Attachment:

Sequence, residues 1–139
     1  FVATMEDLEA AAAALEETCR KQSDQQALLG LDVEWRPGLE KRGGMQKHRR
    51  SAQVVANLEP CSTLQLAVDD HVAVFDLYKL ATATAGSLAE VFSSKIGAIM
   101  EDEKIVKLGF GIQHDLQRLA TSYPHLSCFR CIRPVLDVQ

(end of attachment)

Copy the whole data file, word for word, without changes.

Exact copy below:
Sequence, residues 1–139
     1  FVATMEDLEA AAAALEETCR KQSDQQALLG LDVEWRPGLE KRGGMQKHRR
    51  SAQVVANLEP CSTLQLAVDD HVAVFDLYKL ATATAGSLAE VFSSKIGAIM
   101  EDEKIVKLGF GIQHDLQRLA TSYPHLSCFR CIRPVLDVQ